Bruins are hoping for the 200-yard dash

UCLA's magic number to clinch a berth in the Pac-12 title game currently stands at three.

And the magic number that will get them there is 200.

Ever since the Bruins switch to the Pistol-based offense before last season, running for 200 yards or more has pretty much dictated whether or not UCLA wins or loses. They are 8-1 when they rush for 200 yards or more over the last two seasons, losing only this year's opener at Houston.

They are 1-11 in games in which they haven't reached 200 yards rushing, with the only victory coming this year when they had 170 yards rushing against Washington State.

So if UCLA is to run the table on the season, it will need running backs Johnathan Franklin and Derrick Coleman and quarterback Kevin Prince to continue on the pace that has piled up 514 yards rushing over the last two games.

"The run game is what makes this offense go," offensive coordinator Mike Johnson said. "The last two weeks it's been going and going well, clicking in all phases at certain points. And that allows use to use run action and add other things to our offense to make us more effective."

The two-pronged running back attack of Franklin and Coleman has been a constant in most of those games, but another common denominator has been Prince's ability to run. Over the last two seasons, Prince has started in four of UCLA's nine victories and he has rushed for at least 50 yards in each of them.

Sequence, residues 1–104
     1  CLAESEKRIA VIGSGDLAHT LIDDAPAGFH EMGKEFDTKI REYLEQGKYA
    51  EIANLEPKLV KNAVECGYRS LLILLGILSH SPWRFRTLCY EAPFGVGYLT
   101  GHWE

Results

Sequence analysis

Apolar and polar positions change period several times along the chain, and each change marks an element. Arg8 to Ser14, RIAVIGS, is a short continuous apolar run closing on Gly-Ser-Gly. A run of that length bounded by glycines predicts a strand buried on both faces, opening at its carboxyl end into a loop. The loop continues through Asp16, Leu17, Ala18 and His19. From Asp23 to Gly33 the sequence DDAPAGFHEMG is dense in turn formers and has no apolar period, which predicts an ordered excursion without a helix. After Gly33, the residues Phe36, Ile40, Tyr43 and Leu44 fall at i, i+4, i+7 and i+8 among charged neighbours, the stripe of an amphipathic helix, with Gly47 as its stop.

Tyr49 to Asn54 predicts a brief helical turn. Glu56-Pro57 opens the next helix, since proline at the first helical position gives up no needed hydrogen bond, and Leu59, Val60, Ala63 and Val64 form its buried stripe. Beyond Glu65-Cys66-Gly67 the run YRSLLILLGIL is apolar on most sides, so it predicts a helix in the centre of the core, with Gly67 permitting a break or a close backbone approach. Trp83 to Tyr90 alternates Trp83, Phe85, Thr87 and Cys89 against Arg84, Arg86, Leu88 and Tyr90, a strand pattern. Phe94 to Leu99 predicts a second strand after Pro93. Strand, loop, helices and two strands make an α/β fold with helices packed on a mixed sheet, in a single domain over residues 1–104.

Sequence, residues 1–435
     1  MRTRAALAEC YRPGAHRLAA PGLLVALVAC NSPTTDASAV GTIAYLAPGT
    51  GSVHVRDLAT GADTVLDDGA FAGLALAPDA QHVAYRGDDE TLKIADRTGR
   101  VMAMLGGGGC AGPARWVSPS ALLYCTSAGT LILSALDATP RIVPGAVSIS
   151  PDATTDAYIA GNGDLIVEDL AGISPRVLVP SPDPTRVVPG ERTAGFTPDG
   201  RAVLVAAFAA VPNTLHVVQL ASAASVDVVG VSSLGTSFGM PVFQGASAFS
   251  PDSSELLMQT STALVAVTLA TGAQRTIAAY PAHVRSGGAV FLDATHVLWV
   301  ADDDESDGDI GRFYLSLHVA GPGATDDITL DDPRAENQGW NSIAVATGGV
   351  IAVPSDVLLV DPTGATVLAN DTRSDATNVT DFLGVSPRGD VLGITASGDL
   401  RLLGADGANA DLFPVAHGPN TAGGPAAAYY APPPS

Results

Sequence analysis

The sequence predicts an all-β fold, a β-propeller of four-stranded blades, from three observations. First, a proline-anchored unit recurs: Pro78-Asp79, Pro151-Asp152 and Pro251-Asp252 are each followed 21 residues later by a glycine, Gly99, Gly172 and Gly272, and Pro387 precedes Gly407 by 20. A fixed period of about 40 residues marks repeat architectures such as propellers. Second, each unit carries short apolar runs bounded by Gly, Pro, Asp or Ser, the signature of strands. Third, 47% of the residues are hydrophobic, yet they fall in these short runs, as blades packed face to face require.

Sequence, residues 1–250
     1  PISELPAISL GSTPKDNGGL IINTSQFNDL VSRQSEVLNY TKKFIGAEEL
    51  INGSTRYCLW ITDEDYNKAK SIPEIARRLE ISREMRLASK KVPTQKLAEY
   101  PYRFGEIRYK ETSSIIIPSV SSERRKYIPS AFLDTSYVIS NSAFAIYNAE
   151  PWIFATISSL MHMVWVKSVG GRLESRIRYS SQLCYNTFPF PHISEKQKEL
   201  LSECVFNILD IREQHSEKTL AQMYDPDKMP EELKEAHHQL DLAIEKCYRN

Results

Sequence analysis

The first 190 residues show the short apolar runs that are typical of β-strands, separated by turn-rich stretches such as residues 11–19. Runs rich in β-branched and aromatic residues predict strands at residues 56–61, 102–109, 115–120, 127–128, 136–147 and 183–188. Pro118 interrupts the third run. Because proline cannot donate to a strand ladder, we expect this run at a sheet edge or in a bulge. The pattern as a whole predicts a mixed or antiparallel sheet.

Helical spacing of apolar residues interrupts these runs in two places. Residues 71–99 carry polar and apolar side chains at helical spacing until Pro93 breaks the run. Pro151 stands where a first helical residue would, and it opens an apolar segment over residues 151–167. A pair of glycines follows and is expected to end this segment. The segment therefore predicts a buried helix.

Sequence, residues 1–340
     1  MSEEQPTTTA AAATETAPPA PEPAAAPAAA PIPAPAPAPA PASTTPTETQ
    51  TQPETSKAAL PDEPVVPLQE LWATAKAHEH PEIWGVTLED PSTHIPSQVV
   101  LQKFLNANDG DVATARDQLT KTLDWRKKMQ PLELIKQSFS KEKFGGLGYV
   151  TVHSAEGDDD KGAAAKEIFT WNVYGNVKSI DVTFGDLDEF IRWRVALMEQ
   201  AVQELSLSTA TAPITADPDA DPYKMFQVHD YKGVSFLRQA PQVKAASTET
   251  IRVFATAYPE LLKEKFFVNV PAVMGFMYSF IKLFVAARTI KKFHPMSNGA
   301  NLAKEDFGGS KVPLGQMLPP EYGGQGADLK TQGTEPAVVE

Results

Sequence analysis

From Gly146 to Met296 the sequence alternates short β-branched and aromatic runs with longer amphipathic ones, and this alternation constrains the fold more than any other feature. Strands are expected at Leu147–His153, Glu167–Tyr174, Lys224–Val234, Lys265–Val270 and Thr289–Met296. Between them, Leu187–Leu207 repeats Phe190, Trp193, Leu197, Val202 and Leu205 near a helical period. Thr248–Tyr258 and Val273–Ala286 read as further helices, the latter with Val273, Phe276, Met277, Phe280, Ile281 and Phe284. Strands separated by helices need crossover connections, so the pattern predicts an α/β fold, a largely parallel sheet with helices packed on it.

The past two weeks he's rushed for 163 and 61 yards--a key reason why UCLA has gone for 294 and 220 yards rushing in winning both of those games. When defenses have to account for a quarterback who can gain that kind of yardage, the Pistol-based attack becomes a well-oiled machine.

"That makes the offense complete," coach Rick Neuheisel said.

This year's version, however, has another dimension to it: The downfield pass. Last year, after defensive coordinators got a hold of a few game tapes, they were able to shut down UCLA's offense because the Bruins had no threat in the passing game.

But this year, receiver Nelson Rosario has hauled in several long catches and with weapons such as Josh Smith and Shaquelle Evans blossoming into legitimate threats, defenses no longer can afford to focus on UCLA's run game because the Bruins make them pay if they do.

With 1,766 yards passing this season, the Bruins have already surpassed last year's season total of 1,693. And while the 196.2 per-game average isn't all that great, it's an increase of more than 55 yards per game over last season's 141.1. More importantly, however, UCLA is averaging 8.3 yards per attempt which is tied for No. 19 in the nation.

"Our offense has evolved," Neuheisel said. "The goal coming into this season was to create some balance. To create some ability to get the ball down the field and we don’t necessarily do it a lot. We’ve been averaging somewhere around 20 passes a game with Kevin in there. But if your yards per attempt in that are up to snuff, then you can be effective."

Still it all begins with the run game. The shiftiness of Franklin has produced 606 yards and four touchdowns while the bruising of Coleman has churned out another 542 yards and 11 touchdowns--tied for 13th in the nation.

And now with the sneaky-fast Prince showing he can get the job done and get through a game in which he is taking hits, 200 yards a game on the ground should seem like a walk in the park. And that can only mean good things for the Bruins.

"Those guys play hard and play well and we're going to continue to ride them as long as we can," Neuheisel said.